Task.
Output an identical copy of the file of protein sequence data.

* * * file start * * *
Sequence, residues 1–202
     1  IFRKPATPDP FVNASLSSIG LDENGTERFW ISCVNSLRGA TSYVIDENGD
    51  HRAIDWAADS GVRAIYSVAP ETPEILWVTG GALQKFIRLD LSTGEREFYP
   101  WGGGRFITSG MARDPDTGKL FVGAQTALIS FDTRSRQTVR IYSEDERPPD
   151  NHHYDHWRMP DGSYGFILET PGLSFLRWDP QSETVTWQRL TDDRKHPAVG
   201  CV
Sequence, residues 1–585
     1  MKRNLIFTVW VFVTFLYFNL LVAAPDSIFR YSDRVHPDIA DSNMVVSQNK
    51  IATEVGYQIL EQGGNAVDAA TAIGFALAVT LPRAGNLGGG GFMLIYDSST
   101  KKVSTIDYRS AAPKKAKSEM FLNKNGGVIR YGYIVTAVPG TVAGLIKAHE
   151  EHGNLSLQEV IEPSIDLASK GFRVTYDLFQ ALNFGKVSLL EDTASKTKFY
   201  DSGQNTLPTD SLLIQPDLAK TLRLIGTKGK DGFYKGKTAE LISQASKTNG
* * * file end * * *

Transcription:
Sequence, residues 1–202
     1  IFRKPATPDP FVNASLSSIG LDENGTERFW ISCVNSLRGA TSYVIDENGD
    51  HRAIDWAADS GVRAIYSVAP ETPEILWVTG GALQKFIRLD LSTGEREFYP
   101  WGGGRFITSG MARDPDTGKL FVGAQTALIS FDTRSRQTVR IYSEDERPPD
   151  NHHYDHWRMP DGSYGFILET PGLSFLRWDP QSETVTWQRL TDDRKHPAVG
   201  CV
Sequence, residues 1–585
     1  MKRNLIFTVW VFVTFLYFNL LVAAPDSIFR YSDRVHPDIA DSNMVVSQNK
    51  IATEVGYQIL EQGGNAVDAA TAIGFALAVT LPRAGNLGGG GFMLIYDSST
   101  KKVSTIDYRS AAPKKAKSEM FLNKNGGVIR YGYIVTAVPG TVAGLIKAHE
   151  EHGNLSLQEV IEPSIDLASK GFRVTYDLFQ ALNFGKVSLL EDTASKTKFY
   201  DSGQNTLPTD SLLIQPDLAK TLRLIGTKGK DGFYKGKTAE LISQASKTNG